The press release and the report are here

Economic Policy Seminar in Budapest

I will deliver a lecture on "Growth Enhancing Structural Reforms" during the upcoming Hungarian Presidency High Level Economic Policy Seminar in Budapest on March 30 on "Economic Growth and Fiscal Consolidation". The program is here. My slides are here

Wednesday, March 9, 2011

IMF debate on the lessons from the crisis

Here is a link to a summary of a recent IMF conference on the lessons from the crisis featuring the luminaries of global economics, Blanchard, Stiglitz, Spence, Romer, Rodrik and others.

Here is the conference program, with video recordings.

Finally, here is Blanchard's, IMF Chief Economist, view on what we should learn from the global crisis going forward.

Monday, March 7, 2011

Panel on the future of the euro in Bratislava

Last Wednesday I spoke on a panel on "EURO: SHIFTING FROM SURVIVAL TO REVIVAL? "during a Globsec2011 conference in Bratislava. I was joined on the panel by H. E. IVAN MIKLOŠ - Deputy Prime Minister, Minister of Finance of the Slovak Republic, AMB. IVAN KORČOK - Permanent Representative of the Slovak Republic to the European Union, Brussels and SIMON TILFORD - Chief Economist, Centre for European Reform, London.

On the whole, it was quite an interesting panel, with a refreshing divergence of views, mainly thanks to Minister Miklos, who likes to be somewhat extreme in his perspective (including his support for Slovakia's recent decision to give a short shrif to European solidarity and not participate in the Greek bail-out).

I have prepared some notes on the euro (like the fact that the global crisis was a blessing for the euro zone and if we didn't have the crisis we would have to invent it) and hope to be able to publish it soon.

M. Gandhi - perceptions vs reality

A friend of mine suggested reviewing a riveting article by Sulman Rushdie on Mahatma Gandhi. What a joy to read for such a contrarian like me! You will know why when you read it, but just let me give you a couple of more saucy quotes below for you as a foretaste:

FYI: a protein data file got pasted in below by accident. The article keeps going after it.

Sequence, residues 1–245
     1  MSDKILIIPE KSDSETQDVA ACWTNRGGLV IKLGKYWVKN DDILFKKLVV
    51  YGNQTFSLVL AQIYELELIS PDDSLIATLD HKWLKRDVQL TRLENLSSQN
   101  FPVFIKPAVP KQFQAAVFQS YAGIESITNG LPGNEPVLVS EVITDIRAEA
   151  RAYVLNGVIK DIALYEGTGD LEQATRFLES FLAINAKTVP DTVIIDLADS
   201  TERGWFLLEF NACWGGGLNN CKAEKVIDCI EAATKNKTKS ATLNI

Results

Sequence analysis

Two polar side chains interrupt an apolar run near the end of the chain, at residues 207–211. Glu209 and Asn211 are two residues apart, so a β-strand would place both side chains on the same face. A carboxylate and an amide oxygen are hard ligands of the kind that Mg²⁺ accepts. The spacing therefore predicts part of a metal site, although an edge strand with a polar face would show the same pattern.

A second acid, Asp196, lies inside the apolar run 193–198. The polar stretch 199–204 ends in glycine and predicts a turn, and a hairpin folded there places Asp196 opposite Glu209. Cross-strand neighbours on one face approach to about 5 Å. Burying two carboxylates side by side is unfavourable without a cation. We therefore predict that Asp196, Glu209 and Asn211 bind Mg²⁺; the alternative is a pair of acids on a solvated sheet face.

"He believed passionately in the unity of all the peoples of India, yet his failure to keep the Muslim leader Mohammed Ali Jinnah within the Indian National Congress's fold led to the partition of the country"

"His entire philosophy privileged the village way over that of the city, yet he was always financially dependent on the support of industrial billionaires like Birla. His hunger strikes could stop riots and massacres, but he also once went on a hunger strike to force one of his capitalist patrons' employees to break their strike against the harsh conditions of employment."

"The creator of the political philosophies of passive resistance and constructive nonviolence, he spent much of his life far from the political arena, refining his more eccentric theories of vegetarianism, bowel movements and the beneficial properties of human excrement."

"Forever scarred by the knowledge that, as a 16-year-old youth, he'd been making love to his wife Kasturba at the moment of his father's death, Gandhi later forswore sexual relations but went on into his old age with what he called his "brahmacharya experiments," during which naked young women would be asked to lie with him all night so that he could prove that he had mastered his physical urges. (He believed that total control over his "vital fluids" would enhance his spiritual powers.)"